Irish inward FDI drops 88.1% in 2016 on previous year

While 2015 showed a record high, there was still a 40.4% drop in inward FDI on 2014

Outflows from the OECD area and the EU decreased by 9 per cent and 10 per cent respectively, partly driven by flows from Ireland and Switzerland. Photograph: AFP/Getty Images

Outflows from the OECD area and the EU decreased by 9 per cent and 10 per cent respectively, partly driven by flows from Ireland and Switzerland. Photograph: AFP/Getty Images

 

Foreign direct investment (FDI) into Ireland dropped by 88.1 per cent in 2016 to $22.3 billion compared to the previous year, according to data released by the OECD.

While 2015 was a record year for both inward and outward FDI, the 2016 figure still represents a 40.4 per cent drop on 2014.

Outward Irish FDI in 2016 suffered a similar drop compared to the previous year, however, it increased by 7.5 per cent to reach $44.5 billion in comparison to 2014.

The jump in Irish FDI in 2015 was said to be due to financial and corporate restructuring rather than new investments. Specifically, the 2015 report highlighted tax-inversion deals, which allow companies to shift profits to the lowest tax jurisdiction in a merger.

While the OECD statistics show a decrease in FDI into Ireland, an IDA spokesperson, speaking to The Irish Times, noted the importance of a different set of figures: “IDA Ireland measures FDI in terms of jobs created and investments won. In 2016, IDA Ireland announced the highest level of employment in its client companies in its history. Total employment at overseas companies now stands at 199,877 people, the highest level on record.”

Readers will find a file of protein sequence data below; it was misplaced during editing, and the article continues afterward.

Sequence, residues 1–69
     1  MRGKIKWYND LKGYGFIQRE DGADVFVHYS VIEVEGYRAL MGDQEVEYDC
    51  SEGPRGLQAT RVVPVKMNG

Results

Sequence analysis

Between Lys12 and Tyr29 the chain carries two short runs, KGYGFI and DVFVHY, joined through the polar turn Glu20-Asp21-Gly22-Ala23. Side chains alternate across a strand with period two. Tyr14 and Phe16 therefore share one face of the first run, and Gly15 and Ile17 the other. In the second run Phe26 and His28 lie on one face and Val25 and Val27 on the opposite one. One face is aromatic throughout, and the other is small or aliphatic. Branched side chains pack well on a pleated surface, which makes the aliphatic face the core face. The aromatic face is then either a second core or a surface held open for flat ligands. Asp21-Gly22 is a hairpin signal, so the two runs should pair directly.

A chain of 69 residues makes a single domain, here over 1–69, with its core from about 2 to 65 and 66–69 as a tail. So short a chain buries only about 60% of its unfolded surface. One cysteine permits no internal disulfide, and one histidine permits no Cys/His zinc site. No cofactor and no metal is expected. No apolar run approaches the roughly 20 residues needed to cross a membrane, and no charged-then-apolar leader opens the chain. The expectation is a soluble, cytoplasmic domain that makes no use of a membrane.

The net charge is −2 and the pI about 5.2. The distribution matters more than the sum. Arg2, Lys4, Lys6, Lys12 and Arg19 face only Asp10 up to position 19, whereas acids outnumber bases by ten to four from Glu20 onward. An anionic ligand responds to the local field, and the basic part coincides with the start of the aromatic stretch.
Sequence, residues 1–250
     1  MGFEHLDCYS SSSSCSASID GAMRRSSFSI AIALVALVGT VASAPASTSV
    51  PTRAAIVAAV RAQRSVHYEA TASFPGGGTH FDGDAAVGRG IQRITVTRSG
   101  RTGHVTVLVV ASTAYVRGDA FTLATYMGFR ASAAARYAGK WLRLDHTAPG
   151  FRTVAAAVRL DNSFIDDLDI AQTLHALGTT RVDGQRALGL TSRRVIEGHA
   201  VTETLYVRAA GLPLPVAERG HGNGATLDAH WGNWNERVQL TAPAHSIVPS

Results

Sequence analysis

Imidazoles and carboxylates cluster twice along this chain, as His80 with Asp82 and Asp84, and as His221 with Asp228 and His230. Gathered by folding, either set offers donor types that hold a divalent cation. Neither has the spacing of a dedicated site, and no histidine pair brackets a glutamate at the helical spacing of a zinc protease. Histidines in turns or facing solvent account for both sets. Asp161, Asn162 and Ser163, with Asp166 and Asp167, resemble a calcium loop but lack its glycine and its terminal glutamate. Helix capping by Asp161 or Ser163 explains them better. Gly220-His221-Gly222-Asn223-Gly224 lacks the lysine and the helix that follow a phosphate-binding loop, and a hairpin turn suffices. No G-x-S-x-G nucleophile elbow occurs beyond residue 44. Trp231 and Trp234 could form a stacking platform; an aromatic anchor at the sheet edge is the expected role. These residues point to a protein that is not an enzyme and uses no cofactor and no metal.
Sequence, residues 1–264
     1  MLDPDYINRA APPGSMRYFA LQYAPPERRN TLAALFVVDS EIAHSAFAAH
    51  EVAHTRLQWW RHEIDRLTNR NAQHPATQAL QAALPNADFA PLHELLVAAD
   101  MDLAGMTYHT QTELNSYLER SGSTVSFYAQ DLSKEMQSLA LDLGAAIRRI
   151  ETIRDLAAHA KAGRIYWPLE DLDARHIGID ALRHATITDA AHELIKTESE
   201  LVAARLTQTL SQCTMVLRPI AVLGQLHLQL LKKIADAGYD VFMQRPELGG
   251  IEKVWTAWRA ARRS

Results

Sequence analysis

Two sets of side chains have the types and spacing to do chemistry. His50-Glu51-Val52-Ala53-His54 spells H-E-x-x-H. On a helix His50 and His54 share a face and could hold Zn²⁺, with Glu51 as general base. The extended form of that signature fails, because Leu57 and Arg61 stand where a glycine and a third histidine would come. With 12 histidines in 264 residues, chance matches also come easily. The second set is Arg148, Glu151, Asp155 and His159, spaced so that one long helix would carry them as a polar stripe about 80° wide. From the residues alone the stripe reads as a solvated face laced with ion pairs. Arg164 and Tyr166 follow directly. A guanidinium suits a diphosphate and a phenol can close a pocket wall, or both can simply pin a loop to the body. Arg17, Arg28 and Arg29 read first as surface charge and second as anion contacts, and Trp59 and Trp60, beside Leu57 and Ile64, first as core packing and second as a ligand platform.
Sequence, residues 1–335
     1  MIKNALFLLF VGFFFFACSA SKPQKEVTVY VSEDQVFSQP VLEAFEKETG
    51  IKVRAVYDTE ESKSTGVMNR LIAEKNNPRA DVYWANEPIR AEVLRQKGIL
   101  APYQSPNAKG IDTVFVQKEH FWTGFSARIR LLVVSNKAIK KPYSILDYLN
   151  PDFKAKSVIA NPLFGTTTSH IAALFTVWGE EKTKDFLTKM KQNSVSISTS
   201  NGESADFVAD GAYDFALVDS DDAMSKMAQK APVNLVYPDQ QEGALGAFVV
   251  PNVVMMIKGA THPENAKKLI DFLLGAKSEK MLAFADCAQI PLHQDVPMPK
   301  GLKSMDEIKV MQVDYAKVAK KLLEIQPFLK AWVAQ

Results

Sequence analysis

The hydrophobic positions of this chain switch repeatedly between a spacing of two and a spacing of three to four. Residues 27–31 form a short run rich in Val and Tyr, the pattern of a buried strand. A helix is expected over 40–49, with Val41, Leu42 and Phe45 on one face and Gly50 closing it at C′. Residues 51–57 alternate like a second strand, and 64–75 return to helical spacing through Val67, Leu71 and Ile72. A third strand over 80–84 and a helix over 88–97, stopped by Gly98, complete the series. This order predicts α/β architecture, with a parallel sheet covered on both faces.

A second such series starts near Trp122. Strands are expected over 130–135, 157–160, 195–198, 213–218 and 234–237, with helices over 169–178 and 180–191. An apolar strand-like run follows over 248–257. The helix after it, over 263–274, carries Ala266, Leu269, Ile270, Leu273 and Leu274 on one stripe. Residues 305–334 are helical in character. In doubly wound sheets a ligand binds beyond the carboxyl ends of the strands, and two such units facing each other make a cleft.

The drop in Ireland’s inflows compare to an increase of 17 per cent in the EU as a whole. EU inflows in 2016 were boosted by the acquisition of SABMiller by Anheuser-Busch InBev, according to the report.

Meanwhile, outflows from the OECD area and the EU decreased by 9 per cent and 10 per cent respectively, partly driven by flows from Ireland and Switzerland.

Record levels of flows of $147 billion in the fourth quarter of 2016 made the United Kingdom the largest recipient of FDI inflows in that quarter and the second largest recipient of FDI world wide in 2016, after the United States.

Equity capital flows to the US, the UK, and Ireland accounted for 80 per cent of the total equity flows in the OECD in 2016.